Ruyant cuts foil in Vendée Globe
Published on November 26th, 2020
After incurring a structural failure to the ‘shaft’ of his port foil on November 25 (Day 18), Thomas Ruyant explains what was needed for him to safely continue in the Vendée Globe:
I worked on my port foil (on Nov. 26) and I had to cut a bit to limit the power and avoid issues further into the race. It was fragile at the elbow or angle and so we decided to cut part the tip to remove some of the power and now it is pulled up and there is no rake, as it had been of no use.
There is with just a small bit sticking out of the hull. I no longer have issues, just missing a small bit, but it is how it is, and it is the Vendée. It is not going to stop me going fast and it is not going to stop me from racing.
I made the most of there being little wind to deal with the foil. You can see in the video how I did the foil cutting operation, it was quite a mission!
I had to hang from the foil, and we have all the equipment and tools on board that is needed to do that. So, the tip has been removed; around two metres.
We have thought a lot about the consequences of cutting back the foil, but it was the balance of what might have happened had we not. The major risk would have been for the foil to break further and damage the outrigger, which could lead to damage to the hull and cause dismasting or damage the foil well which means a leak. There was just too much risk to leave the foil as it was, so we decided to remove the power of the protruding part and remove the wetted tip area.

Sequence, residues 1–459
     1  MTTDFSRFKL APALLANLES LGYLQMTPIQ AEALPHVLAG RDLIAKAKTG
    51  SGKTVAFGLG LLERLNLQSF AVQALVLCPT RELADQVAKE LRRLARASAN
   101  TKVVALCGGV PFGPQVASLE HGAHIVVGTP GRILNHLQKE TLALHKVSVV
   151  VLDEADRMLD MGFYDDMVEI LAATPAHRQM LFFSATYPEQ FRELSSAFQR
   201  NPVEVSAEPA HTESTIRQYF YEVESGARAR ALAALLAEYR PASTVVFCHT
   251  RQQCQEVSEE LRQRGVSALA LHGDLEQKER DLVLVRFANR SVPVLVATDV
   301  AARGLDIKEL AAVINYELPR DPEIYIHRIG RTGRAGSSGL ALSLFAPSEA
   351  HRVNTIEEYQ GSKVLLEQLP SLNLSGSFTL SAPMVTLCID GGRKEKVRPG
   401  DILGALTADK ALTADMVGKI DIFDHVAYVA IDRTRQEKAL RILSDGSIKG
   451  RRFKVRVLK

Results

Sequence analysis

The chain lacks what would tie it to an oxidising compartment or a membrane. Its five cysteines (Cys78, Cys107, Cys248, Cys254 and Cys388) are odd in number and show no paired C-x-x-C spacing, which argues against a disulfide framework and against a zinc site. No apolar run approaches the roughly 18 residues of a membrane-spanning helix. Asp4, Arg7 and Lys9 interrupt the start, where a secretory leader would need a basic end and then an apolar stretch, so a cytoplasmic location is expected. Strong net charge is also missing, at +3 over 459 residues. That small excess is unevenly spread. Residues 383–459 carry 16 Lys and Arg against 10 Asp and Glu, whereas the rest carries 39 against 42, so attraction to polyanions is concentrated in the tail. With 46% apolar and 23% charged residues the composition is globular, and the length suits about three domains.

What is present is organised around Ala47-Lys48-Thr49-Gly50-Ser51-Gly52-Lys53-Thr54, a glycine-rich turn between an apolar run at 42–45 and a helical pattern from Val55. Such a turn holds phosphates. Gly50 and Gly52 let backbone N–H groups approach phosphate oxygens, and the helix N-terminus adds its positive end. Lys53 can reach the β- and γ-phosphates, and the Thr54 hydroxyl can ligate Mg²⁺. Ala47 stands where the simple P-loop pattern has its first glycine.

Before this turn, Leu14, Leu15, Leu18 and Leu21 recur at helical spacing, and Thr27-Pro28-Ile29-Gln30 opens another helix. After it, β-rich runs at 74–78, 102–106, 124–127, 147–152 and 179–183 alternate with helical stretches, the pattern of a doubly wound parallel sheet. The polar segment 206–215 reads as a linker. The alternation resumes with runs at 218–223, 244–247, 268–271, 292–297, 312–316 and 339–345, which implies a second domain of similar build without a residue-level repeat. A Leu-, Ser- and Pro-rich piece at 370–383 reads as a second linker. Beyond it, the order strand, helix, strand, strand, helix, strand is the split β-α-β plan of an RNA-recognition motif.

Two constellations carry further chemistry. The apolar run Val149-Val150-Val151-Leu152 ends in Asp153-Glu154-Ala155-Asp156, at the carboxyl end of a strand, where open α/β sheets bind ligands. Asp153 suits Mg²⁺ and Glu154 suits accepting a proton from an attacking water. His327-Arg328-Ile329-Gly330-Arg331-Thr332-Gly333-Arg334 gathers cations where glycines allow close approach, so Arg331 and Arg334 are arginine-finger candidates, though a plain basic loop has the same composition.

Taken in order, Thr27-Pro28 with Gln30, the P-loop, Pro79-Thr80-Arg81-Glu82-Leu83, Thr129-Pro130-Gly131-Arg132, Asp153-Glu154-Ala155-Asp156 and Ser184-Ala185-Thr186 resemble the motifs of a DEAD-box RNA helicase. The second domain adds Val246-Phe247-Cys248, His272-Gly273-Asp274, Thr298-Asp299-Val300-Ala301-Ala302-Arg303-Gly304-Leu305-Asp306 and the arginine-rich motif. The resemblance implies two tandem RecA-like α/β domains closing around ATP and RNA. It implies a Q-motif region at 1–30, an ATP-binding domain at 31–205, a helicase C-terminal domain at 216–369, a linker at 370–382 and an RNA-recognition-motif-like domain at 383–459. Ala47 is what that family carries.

The foil had always been there, but it was cracked and could have broken during the race.
The Vendée Globe is the only sailing race round the world that’s solo, non-stop, and without assistance, and it was all systems go for the 9th edition on November 8. Beginning in 1989 with 13 entries, the start line in 2020 had 33 skippers taking off from Les Sables d’Olonne, France.
The development of the IMOCA Class toward foiling will see these boats hurl themselves around the world, teetering on carbon skates through inhospitable regions, chasing the record set in 2016-17 by Armel le Cléac’h of 74:03:35:46.
Nov. 16, 2020 – Nicolas TROUSSEL, CORUM L’EPARGNE – dismasted
1989-90: 13 boats at the start
1992-93: 15 boats
1996-97: 15 boats
2000-01: 24 boats
2004-05: 20 boats
2008-2009: 30 boats
2012-2013: 20 boats
2016-2017: 29 boats
2020-2021: 33 boats
Fabrice AMEDEO: NEWREST – ART & FENÊTRES
Romain ATTANASIO: PURE – BEST WESTERN
Alexia BARRIER: TSE – 4MYPLANET
Yannick BESTAVEN: MAÎTRE COQ IV
Jérémie BEYOU: CHARAL
Arnaud BOISSIÈRES: LA MIE CÂLINE – ARTISANS ARTIPÔLE
Louis BURTON: BUREAU VALLÉE 2
Didac COSTA: ONE PLANET ONE OCEAN
Manuel COUSIN: GROUPE SÉTIN
Clarisse CREMER: BANQUE POPULAIRE X
Charlie DALIN: APIVIA
Samantha DAVIES: INITIATIVES-CŒUR
Sébastien DESTREMAU: MERCI
Benjamin DUTREUX: OMIA – WATER FAMILY
Kevin ESCOFFIER: PRB
Clément GIRAUD: COMPAGNIE DU LIT / JILITI
Pip HARE: MEDALLIA
Boris HERRMANN: SEA EXPLORER – YACHT CLUB DE MONACO
Ari HUUSELA: STARK
Isabelle JOSCHKE: MACSF
Jean LE CAM: YES WE CAM !
Stéphane LE DIRAISON: TIME FOR OCEANS
Miranda MERRON: CAMPAGNE DE FRANCE
Giancarlo PEDOTE: PRYSMIAN GROUP
Alan ROURA: LA FABRIQUE
Thomas RUYANT: LINKEDOUT
Damien SEGUIN: GROUPE APICIL
Kojiro SHIRAISHI: DMG MORI
Sébastien SIMON: ARKEA – PAPREC
Maxime SOREL: V AND B – MAYENNE
Alex THOMSON: HUGO BOSS
Armel TRIPON: L’OCCITANE EN PROVENCE
Nicolas TROUSSEL: CORUM L’ÉPARGNE
Source: Vendée Globe